As it is common for places in Myanmar, Kengtung has two different names and I don’t even know which one is the correct one – they have been used interchangeably by the locals, so I’ll stick with Kengtung for writing this post.
Hidden Gem of the Eastern Shan
Not being precisely on the tourist trail, Kengtung is easier to get to from the Thai side. The road from Taunggyi (in Myanmar) remains closed for foreigners without a special permit. I haven’t even looked how difficult it would be to get the travel permit to this former Golden Triangle area where they grew opium back in the day. I accepted that my way from Kengtung back to Yangon will be on a plane.
Where to stay and how to go around KT
From the bus station, I took a tuk tuk to the city center (3000 MMK – overpriced in my opinion), which is near the market. Not so far from there is Parami motel that offers basic but pretty nice accommodation for $10/night (non-negotiable). The tuk tuk driver had no clue where Parami Motel was, although he pretended so and was confidently headed to take me there. Thanks to Google Maps I was able to navigate him after driving in circles. From Parami, it is easy to walk to the lake and around the city. Although Kengtung itself is lovely, the beauty lies outside it and for exploring that you’d need to hire a local guide who will be your entrance ticket and connection to the various ethnic groups living in surrounding villages. Any hotel could arrange that.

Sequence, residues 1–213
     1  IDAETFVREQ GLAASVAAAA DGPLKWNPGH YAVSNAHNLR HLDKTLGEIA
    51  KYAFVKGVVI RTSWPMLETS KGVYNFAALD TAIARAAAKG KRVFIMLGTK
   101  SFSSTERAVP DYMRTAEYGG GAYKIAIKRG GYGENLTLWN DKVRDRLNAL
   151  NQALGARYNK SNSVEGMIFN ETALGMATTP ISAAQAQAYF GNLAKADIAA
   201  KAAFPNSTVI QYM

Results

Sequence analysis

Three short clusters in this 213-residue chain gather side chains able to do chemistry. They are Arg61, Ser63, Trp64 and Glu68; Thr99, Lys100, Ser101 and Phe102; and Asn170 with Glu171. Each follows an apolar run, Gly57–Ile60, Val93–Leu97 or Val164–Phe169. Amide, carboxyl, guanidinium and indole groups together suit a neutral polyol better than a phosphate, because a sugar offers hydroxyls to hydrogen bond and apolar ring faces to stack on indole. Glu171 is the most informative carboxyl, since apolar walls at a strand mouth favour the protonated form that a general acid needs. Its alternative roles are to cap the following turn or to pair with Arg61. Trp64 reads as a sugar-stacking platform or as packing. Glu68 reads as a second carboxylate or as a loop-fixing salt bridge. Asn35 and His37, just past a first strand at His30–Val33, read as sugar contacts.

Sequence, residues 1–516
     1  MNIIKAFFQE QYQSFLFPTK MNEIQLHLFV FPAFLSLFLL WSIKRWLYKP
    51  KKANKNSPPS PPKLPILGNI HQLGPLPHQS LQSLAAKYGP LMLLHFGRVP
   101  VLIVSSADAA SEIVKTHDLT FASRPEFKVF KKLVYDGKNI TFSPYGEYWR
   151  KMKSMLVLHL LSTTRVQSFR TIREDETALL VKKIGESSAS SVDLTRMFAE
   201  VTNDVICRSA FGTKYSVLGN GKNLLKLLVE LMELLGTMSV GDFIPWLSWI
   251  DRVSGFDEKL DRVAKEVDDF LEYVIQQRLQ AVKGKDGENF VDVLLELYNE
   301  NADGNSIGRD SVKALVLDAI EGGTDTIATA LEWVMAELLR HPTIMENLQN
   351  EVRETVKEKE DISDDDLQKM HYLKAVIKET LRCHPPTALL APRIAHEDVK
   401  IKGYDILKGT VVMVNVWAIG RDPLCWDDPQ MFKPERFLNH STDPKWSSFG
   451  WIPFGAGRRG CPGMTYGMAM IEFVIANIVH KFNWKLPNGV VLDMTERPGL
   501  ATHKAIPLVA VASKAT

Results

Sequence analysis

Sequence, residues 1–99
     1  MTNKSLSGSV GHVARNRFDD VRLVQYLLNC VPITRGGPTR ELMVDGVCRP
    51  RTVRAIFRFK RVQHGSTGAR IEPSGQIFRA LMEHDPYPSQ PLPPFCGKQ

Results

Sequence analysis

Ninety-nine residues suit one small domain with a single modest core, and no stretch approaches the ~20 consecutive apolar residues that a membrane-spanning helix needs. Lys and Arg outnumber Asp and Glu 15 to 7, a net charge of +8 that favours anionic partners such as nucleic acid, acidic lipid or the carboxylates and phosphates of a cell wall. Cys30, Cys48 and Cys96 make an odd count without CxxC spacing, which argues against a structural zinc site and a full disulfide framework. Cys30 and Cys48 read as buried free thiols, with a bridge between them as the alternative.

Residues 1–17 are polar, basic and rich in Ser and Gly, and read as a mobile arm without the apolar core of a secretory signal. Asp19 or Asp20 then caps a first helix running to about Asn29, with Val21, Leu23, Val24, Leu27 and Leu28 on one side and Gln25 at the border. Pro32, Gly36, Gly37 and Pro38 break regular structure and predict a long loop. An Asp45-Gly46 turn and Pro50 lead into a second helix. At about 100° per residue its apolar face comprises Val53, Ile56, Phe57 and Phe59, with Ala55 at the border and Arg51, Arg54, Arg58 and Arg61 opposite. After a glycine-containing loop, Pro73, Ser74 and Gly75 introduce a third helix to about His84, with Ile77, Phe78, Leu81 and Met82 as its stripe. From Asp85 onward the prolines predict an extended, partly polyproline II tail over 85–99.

For five days every month, the hill tribes come down to Kengtung to sell their produce and handicraft, after which they move to another village and keep going around. When I was trying to find out when these markets happen, no one gave me a clear answer and many didn’t know what I meant – they kept sending me to the Morning market in Kengtung (which is also a not-to-miss) or telling me about their festivals. Since it’s apparently difficult to plan around these moving markets as it seems to be no regular schedule for them, you have to be lucky.
Exploring with Somebody
In another blog post I had found a contact details of Seem Hug who lets you call him Someone. He helped to arrange my border crossing and transport from Tachileik to Kengtung as he happened to be at the Thai side when I was there too, uploading his videos. Apparently, he is pretty famous among Thai tourists coming to Kengtung and locals living near by, since he tries to organise donations for them. Someone took me around for two days and thanks to his language skills and ability to joke around with the locals we met, it was a lot of fun!